HS sophomore Yuichi Aizawa returns to a city in northern Japan where he used to spend his summers, ten years ago. For unspecified reasons, he is being sent to live with his aunt Akiko and finish HS there. He meets five girls — most of whom are from his past, and most of whom he doesn’t remember. The plot involves his interactions with them, with each girl taking center-stage for two or three episodes. Most of the girls have some supernatural aspect to them, and part of the plot line is discovering which each of them is. If you pay close attention in Episode 1, every key player has a cameo. Every key player.

The five stories are as follows (insert major spoiler warning here):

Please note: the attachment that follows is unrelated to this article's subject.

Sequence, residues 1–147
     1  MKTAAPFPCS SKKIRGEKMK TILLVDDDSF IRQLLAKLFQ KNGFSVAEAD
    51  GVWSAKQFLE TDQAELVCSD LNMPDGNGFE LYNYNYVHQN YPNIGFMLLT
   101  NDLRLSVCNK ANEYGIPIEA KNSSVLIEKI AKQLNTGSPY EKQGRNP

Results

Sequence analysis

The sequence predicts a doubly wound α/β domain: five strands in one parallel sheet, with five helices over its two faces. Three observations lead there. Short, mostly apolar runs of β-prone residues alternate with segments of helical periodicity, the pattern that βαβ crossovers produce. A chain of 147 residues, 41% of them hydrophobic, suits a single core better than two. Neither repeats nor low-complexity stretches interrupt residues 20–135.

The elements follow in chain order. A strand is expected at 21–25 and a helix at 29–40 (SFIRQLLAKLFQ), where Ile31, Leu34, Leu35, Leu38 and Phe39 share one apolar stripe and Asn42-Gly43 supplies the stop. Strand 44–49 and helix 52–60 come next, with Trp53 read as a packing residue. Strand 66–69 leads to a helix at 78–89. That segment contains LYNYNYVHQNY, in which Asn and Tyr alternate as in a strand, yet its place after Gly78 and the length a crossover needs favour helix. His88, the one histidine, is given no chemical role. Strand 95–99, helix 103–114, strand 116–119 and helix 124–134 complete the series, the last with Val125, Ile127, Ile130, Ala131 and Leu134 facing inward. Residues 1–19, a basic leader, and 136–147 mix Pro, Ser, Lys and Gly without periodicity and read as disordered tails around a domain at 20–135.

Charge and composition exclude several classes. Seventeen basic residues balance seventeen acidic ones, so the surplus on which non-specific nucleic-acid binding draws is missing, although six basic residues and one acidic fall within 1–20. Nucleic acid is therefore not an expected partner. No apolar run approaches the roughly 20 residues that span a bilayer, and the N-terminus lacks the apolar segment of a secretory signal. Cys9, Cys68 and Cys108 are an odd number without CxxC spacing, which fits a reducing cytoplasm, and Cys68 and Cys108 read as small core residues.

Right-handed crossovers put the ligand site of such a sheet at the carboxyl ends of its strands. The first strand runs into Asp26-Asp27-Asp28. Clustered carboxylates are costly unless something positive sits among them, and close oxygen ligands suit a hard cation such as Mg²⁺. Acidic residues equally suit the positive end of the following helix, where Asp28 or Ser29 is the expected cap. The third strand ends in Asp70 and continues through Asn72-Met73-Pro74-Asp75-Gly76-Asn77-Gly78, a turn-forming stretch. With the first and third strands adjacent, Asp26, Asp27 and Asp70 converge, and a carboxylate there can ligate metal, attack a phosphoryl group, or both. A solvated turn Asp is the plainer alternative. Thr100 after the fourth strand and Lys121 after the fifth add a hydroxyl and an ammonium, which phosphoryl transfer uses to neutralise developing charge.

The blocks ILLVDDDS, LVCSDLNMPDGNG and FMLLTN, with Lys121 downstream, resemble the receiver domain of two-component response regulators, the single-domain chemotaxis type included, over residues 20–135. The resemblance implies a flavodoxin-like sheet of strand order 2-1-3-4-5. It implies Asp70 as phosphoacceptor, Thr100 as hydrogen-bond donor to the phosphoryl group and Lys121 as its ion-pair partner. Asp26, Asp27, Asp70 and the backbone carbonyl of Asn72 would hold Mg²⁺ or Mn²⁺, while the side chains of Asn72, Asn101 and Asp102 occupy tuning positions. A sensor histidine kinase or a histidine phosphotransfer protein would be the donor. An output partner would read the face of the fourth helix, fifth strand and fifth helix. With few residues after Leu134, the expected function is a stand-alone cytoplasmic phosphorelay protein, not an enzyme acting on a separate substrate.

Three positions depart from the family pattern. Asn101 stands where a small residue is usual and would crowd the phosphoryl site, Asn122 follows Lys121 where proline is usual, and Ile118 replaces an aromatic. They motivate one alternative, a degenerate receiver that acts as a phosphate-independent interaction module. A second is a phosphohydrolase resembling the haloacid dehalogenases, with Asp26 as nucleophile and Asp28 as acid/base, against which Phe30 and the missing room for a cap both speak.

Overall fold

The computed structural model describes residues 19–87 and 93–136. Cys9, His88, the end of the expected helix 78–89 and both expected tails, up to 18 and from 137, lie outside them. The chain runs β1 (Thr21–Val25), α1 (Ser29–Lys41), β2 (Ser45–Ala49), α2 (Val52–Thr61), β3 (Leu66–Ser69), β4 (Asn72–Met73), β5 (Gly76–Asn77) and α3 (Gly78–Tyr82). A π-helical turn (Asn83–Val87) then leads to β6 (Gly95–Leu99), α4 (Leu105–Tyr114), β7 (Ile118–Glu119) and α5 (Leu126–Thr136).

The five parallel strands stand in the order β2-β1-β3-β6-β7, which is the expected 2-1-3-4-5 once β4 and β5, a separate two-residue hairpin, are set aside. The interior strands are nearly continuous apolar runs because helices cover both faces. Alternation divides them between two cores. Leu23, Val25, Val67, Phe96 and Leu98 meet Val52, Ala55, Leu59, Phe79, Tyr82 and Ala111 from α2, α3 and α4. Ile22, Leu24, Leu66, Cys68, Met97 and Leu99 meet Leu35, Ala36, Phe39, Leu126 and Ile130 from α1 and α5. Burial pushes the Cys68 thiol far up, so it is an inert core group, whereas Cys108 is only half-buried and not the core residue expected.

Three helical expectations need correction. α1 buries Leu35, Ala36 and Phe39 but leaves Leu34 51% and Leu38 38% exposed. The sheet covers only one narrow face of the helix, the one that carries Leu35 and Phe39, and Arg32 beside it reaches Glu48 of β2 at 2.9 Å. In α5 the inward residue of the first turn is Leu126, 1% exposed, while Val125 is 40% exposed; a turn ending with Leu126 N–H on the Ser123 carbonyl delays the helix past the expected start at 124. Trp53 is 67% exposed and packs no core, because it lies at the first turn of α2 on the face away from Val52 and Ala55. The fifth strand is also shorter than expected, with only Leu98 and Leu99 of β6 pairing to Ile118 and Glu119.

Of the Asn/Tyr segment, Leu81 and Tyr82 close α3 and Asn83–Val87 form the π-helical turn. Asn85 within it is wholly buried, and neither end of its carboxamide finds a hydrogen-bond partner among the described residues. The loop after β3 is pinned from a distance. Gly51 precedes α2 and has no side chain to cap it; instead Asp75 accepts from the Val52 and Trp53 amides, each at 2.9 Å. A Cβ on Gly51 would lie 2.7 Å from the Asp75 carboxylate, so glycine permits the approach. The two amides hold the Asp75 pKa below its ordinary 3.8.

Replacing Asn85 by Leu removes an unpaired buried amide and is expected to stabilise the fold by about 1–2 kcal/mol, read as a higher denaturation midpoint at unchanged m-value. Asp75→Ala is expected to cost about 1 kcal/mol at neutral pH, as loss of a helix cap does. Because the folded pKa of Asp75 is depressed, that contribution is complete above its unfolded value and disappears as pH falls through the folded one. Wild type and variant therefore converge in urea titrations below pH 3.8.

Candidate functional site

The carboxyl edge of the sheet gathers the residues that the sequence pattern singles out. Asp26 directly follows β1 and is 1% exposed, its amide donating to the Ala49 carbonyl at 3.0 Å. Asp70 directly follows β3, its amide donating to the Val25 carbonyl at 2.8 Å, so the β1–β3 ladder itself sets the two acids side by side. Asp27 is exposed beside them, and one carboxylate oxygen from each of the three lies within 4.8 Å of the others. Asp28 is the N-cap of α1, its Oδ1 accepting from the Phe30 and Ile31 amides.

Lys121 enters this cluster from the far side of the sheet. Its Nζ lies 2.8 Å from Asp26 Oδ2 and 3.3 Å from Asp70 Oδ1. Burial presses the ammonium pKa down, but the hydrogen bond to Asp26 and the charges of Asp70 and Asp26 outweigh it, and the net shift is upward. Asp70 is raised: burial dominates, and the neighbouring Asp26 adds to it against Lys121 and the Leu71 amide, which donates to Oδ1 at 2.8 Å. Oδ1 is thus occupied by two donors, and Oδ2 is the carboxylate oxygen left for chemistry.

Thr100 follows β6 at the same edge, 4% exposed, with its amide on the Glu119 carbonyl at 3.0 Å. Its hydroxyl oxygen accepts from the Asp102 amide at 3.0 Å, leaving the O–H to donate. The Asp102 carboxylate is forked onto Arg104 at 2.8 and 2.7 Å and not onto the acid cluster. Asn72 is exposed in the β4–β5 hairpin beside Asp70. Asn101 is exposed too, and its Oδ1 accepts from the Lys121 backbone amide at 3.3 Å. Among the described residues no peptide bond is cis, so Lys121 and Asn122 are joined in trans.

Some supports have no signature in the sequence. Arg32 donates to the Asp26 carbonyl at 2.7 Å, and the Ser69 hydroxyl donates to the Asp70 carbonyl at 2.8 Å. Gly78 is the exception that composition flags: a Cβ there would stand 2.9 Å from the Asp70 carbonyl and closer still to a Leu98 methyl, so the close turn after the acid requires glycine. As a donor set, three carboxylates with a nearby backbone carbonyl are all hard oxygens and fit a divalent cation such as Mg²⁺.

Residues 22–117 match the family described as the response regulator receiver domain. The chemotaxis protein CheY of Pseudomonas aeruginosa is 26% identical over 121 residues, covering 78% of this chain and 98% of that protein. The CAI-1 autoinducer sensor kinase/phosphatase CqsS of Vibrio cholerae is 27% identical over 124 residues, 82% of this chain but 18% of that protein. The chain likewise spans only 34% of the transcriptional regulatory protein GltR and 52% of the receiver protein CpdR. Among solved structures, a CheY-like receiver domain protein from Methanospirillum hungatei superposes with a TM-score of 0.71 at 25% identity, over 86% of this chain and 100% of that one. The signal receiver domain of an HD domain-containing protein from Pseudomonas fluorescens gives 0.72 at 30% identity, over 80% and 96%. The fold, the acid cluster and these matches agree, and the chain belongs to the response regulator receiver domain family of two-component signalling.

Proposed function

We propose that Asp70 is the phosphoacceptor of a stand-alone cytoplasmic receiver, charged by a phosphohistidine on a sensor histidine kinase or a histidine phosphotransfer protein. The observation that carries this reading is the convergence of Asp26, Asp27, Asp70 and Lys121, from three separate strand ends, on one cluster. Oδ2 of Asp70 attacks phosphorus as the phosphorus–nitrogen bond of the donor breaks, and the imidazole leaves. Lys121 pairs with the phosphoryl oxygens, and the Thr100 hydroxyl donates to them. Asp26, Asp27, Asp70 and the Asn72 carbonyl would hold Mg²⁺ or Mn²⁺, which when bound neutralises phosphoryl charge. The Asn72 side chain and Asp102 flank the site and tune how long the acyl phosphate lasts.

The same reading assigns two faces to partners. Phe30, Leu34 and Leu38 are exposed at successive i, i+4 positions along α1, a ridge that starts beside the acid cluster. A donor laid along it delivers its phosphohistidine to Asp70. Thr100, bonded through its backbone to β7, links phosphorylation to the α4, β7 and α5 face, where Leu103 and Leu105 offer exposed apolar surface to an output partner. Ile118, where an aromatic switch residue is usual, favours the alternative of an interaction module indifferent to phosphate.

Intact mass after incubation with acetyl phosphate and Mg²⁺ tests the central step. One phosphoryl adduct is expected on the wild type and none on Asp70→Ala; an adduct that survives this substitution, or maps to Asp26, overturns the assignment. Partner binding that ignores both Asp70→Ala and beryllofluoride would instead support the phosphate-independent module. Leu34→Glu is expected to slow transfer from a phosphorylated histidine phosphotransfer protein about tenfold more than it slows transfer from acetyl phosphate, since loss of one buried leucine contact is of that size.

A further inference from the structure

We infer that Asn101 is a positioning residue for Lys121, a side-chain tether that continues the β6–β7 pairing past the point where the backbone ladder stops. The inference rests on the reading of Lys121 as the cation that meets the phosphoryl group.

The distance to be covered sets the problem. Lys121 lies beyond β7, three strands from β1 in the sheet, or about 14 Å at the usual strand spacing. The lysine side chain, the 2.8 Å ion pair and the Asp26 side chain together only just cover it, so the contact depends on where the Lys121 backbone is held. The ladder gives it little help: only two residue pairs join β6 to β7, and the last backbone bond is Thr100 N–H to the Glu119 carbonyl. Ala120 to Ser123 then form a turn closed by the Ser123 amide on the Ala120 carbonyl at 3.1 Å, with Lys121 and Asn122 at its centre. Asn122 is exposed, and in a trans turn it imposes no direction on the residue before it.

Makoto Sawatari: While shopping downtown, Yuichi is attacked by a red-headed girl, who proceeds to collapse in his arms. Of course, with true anime logic, he takes her home instead of calling an ambulance. She cannot immediately recall who she is or where she’s from, so Yuichi’s aunt suggests she stay with them until her memory improves. Ultimately, she provides him with a name — of a much older girl he had a crush on ten years ago. Over the course of several episodes, we find out she is really a magical fox from off The Hill, who gave up her form, her memory, and ultimately her life, to be with Yuichi. Minor irritation — the American dub crew keeps pronouncing her name SaWAtori, which sounds Indonesian or Thai to my ear, instead of SawaTOri, the way the Japanese speakers do. It’s not like they didn’t know better. High point of the arc, the final scene on The Hill.